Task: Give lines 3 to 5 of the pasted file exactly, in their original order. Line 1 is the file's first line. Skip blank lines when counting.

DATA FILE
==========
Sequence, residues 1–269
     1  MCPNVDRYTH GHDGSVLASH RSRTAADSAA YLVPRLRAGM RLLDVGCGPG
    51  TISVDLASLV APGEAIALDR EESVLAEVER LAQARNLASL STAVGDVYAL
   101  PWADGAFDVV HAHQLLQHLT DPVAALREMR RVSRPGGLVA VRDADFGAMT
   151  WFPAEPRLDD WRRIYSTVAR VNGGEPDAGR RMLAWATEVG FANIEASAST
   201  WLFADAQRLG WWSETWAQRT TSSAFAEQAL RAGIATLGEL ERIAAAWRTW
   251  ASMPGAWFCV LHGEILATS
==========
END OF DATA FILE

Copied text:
    51  TISVDLASLV APGEAIALDR EESVLAEVER LAQARNLASL STAVGDVYAL
   101  PWADGAFDVV HAHQLLQHLT DPVAALREMR RVSRPGGLVA VRDADFGAMT
   151  WFPAEPRLDD WRRIYSTVAR VNGGEPDAGR RMLAWATEVG FANIEASAST